Moisture buildup from excess licking, especially between the toes, can quickly lead to bacterial and yeast infections. This is true no matter what the original cause of the behavior was.

These secondary infections can cause additional discomfort that may also drive licking behavior and can pose a major problem to getting rid of the habit once and for all.

If you notice your dog’s paw fur has a red tinge or a strange smell to it, a trip to the vet or some topical home skin treatments may be needed to clear up this secondary issue.

Whatever the cause of your dog’s paw licking, know that there is relief out there, so long as you are willing to do the detective work to determine the true root cause of the issue and find a better way to soothe your dog’s discomfort.

Sources

Peter Dobias, DMV. “Excessive Paw Licking in Dogs – It May Not Be Allergies.” ivcjournal.com. 27 May 2014.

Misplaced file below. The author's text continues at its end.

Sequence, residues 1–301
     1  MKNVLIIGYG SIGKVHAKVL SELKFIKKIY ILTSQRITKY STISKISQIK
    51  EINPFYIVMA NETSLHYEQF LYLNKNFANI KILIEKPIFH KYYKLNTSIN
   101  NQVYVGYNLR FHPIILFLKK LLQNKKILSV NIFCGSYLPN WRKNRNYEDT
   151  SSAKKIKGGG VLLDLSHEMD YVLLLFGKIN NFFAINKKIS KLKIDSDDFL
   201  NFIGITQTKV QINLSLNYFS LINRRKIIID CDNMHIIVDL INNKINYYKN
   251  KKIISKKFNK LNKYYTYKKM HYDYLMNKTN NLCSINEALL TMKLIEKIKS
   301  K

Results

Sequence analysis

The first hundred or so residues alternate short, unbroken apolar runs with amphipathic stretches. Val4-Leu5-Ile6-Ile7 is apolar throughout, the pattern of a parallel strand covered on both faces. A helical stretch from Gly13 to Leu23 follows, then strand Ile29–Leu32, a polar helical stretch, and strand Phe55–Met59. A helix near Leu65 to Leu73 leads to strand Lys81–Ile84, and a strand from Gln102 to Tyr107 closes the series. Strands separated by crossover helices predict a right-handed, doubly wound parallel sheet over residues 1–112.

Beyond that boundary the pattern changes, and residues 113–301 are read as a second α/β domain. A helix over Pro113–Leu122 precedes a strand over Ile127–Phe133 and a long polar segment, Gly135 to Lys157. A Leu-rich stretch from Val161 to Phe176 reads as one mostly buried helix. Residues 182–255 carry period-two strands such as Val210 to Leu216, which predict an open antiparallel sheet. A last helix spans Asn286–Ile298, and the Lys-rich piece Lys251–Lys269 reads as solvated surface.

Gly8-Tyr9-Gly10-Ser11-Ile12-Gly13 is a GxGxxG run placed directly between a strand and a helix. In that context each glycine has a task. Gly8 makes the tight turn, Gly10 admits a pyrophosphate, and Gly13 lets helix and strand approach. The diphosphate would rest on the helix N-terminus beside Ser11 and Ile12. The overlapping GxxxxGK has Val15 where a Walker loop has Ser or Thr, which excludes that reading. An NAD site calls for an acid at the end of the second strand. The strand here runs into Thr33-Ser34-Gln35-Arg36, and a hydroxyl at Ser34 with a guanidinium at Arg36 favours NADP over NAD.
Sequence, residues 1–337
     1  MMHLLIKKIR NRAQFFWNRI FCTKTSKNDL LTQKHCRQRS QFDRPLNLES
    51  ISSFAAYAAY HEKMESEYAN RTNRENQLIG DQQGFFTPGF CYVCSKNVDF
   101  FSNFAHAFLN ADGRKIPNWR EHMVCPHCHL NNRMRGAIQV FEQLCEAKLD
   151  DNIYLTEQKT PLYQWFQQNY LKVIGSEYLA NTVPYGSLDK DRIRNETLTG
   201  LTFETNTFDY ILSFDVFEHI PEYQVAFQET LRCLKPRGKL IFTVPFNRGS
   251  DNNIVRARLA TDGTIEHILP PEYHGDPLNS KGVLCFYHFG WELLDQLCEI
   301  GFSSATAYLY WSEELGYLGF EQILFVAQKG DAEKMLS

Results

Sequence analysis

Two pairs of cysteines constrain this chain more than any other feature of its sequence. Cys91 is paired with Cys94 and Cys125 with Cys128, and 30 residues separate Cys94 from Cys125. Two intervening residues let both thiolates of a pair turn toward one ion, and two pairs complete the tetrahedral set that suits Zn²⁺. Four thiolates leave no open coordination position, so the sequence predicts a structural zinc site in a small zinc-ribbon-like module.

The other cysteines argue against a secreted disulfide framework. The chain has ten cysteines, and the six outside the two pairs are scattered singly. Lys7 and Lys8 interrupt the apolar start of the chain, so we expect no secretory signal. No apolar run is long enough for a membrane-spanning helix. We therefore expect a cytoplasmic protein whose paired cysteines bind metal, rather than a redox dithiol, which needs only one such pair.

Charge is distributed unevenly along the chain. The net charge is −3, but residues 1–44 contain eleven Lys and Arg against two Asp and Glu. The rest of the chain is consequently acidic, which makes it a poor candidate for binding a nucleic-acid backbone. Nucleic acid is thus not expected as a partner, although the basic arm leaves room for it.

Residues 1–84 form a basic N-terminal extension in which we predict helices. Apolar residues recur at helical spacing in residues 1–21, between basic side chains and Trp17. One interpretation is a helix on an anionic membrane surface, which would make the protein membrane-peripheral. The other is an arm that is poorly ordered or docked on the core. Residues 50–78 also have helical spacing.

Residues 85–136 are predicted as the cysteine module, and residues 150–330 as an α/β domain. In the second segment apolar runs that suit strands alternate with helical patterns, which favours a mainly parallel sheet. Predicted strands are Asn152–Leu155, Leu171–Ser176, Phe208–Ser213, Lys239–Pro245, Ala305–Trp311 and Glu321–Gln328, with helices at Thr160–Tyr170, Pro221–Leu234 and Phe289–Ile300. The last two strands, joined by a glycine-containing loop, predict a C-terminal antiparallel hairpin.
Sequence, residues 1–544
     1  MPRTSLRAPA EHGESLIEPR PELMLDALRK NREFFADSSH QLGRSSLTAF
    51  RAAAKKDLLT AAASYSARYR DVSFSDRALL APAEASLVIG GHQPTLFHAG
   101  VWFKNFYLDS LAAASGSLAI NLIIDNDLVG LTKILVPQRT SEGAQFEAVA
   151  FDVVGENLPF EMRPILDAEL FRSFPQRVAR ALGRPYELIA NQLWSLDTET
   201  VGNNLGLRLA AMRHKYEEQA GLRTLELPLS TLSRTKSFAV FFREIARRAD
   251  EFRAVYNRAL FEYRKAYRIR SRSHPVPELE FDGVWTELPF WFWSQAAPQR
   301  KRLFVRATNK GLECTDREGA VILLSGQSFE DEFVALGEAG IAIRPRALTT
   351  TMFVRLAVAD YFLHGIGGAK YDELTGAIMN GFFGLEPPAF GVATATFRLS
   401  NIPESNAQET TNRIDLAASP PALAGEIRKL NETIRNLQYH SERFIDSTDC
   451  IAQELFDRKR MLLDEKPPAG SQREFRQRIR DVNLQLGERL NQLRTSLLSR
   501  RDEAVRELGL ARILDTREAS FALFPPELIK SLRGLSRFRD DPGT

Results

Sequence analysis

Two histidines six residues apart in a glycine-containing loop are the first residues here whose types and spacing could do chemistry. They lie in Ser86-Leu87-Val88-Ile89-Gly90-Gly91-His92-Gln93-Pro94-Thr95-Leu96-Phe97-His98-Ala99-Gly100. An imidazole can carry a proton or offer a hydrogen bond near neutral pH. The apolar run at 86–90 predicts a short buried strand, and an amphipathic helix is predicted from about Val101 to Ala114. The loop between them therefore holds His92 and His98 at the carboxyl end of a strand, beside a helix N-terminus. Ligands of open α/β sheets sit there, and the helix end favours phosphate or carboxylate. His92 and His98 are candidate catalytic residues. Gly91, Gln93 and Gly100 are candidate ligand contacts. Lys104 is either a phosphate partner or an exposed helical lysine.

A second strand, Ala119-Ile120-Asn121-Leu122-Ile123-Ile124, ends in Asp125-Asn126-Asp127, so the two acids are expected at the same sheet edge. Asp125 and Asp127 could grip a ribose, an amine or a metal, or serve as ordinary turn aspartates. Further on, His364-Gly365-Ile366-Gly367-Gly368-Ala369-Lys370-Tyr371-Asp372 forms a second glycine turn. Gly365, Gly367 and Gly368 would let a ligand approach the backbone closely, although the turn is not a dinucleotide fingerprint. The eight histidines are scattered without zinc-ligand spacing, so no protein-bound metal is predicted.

Nicholas H. Dodman, et al. “Genomic Risk for Severe Canine Compulsive Disorder, a Dog Model of Human OCD.” International Journal of Applied Research in Veterinary Medicine. Vol. 14, No. 1, 2016.

Karen A. Moriello. “Itching (Pruritus) in Dogs” merckvetmanual.com.


Sara Seitz

Sara Seitz worked in the pet industry for over a decade. In addition to being a certified dog trainer, Sara gained experience working as the general manager of a dog daycare and boarding facility, as the creator and manager of a pet sitting company, as a groomer, and as a dog behavior evaluator. She also has a bachelors in animal behavior from CSU. Currently, Sara works as a freelance writer specializing in blog, article and content writing.